Solar Power International: Moving into Second Gear?

It’s a challenge to summarize what transpired over four days at an event with 600 exhibits, 70 concurrent sessions (forcing choice between 6 at a time), 15 manufacturer-sponsored hands-on training sessions, 10 workshops, plenary sessions, parties and, oh, did I mention solar-supportive keynote remarks by Vice President Joe Biden to an enthusiastic audience.  With participants from over 75 countries, it’s easy to see why Solar Power International (SPI) claims to be the largest and fastest growing solar conference in North America.  But let me try to extract a few themes from this mid-September event sprawled across all four Exhibit Halls at the Anaheim Convention Center.

Clearly the industry is growing.  In advance of the conference, the Solar Energy Industry Association and GTM Research released their quarterly update.  With 1,393 Megawatts of PV capacity installed in the second quarter, the US Solar industry remains on track for an annual forecast total of 7,700 MW.   Of this, 840 MW (60%) was installed in California.  (A brief reminder that the capacity of a typical nuclear powerplant is 1,000 MW.)  The fact that the California Senate and Assembly passed SB350 increasing the state’s current Renewable Energy target of 30% by 2020 to 50% by 2030 days before SPI added to the conference’s buoyancy.  Repeatedly cited was the statistic that California has over 55,000 employees working in the industry (more employees than the state’s top 5 utilities combined).

Clearly the industry faces challenges.  The major one is the currently scheduled expiration of the 30% residential tax credit and reduction of the commercial investment tax credit (ITC) from 30% to 10% fifteen months from now, the Administration’s request for a permanent extension of the ITC not withstanding. A Bloomberg forecast released at the conference anticipates that without an extension, 2017 will see installation activity dropping to its 2012 level.  The loss of the tax credit would hit California’s businesses as hard as elsewhere.  In addition, the fact that California’s Public Utility Commission (CPUC) is in the process of redesigning the utility rate structure, including deciding on an appropriate level of compensation for customers who generate their own solar energy, has the industry on edge.  Utilities have requested the compensation (or credits) allowed solar customers be reduced by 40%, and that fixed fees be added to solar users’ bills.  (If this sounds completely contrary to the legislative action on SB350 cited above, welcome to the world of Government.)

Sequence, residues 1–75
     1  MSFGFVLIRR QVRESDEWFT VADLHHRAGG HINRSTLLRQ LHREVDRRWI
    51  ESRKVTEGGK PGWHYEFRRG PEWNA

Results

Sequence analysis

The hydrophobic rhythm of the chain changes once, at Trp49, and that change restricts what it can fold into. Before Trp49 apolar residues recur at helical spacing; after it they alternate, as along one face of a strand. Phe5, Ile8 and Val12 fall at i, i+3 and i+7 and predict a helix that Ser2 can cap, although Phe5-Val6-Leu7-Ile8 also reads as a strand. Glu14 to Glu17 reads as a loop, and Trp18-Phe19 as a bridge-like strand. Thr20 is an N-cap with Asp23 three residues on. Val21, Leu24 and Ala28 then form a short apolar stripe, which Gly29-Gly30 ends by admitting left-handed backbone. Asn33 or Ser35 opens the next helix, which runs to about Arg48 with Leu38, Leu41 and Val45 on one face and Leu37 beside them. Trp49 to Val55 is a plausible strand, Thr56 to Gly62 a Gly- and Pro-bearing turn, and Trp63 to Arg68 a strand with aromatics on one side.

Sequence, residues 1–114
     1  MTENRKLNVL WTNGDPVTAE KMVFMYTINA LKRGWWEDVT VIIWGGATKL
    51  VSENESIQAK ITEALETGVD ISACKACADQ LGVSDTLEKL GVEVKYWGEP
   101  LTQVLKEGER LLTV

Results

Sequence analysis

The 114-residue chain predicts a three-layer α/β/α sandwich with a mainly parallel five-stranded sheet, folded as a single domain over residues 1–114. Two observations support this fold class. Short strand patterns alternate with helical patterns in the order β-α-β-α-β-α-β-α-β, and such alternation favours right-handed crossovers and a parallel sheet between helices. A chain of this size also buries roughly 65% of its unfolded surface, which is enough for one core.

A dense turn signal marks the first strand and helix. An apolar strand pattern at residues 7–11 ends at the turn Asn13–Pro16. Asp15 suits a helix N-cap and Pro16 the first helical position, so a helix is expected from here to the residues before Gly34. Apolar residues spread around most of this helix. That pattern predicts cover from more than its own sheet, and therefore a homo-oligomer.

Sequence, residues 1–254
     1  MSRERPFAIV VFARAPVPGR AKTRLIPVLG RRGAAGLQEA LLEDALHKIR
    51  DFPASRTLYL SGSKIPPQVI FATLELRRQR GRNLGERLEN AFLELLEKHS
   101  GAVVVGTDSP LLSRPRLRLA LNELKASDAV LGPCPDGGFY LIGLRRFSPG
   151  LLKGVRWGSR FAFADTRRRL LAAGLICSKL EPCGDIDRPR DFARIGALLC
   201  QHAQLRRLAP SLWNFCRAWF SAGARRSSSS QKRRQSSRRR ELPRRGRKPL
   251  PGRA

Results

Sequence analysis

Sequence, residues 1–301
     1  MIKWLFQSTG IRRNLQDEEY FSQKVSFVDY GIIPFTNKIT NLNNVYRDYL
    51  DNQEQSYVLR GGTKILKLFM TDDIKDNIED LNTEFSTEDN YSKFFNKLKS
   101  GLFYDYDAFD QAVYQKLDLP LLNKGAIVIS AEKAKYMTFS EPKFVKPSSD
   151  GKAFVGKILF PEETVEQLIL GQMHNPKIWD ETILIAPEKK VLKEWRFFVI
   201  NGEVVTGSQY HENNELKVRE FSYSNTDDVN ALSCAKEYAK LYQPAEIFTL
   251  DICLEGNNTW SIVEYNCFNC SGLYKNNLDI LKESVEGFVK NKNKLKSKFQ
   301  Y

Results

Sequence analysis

But beneath these Good News / Bad News headlines, several themes emerged that cut across the gazillion specific new product and service announcements.

Energy Storage developments are booming with a variety of technologies and products. Over 50 firms provided products or services related to Storage.  Those in California are as diverse as 90-year old Trojan Battery Company of Santa Fe Springs and Milpitas-based JuiceBox Energy, a start-up barely out of the garage.  Many clustered together on the exhibit floor in a zone known as the “Energy Storage Pavilion.” The CPUC mandate to the state’s three largest Utilities and other energy service providers to procure 1.3 GW of energy storage by 2020 creates an immediate market in California.  And the recognition that commercial electric customers can utilize storage to reduce their bills through reductions in their peak demand charges creates a market rationale for growing storage demand beyond the utility mandate.

Finance is another area experiencing dramatic change.   While the discussion only a couple years ago focused on lease or buy, a plethora of new financial instruments and capital sources have emerged.  Sessions and exhibits provided information on new approaches to debt financing for non-residential projects (which appears to focus on financial support for Commercial and Industrial (C&I) customers, a growing solar niche), Tax equity markets, and the pooling of solar project cash flows (in what’s become known as a YieldCo).  The good news is that investors (not just system owners) are seeing value (!) in PV installations.

And of course there were new panel developments, racking system improvements, Inverter advances and the like.

So what’s the take-away?  The Solar industry is growing through its increased cost-competitiveness as a result of new product and service innovation. This dynamic was well captured by Vice President Biden’s comment, “Anyone who thinks it (Solar) is not happening just take a look at the market.  It’s a competitive choice for consumers. …  Look, this isn’t a government mandate, this is the market working.”  Yes, but the uncertain future of tax credits and utility pushback (in California and elsewhere) continue the uphill slog.

Comments are closed.

Post Navigation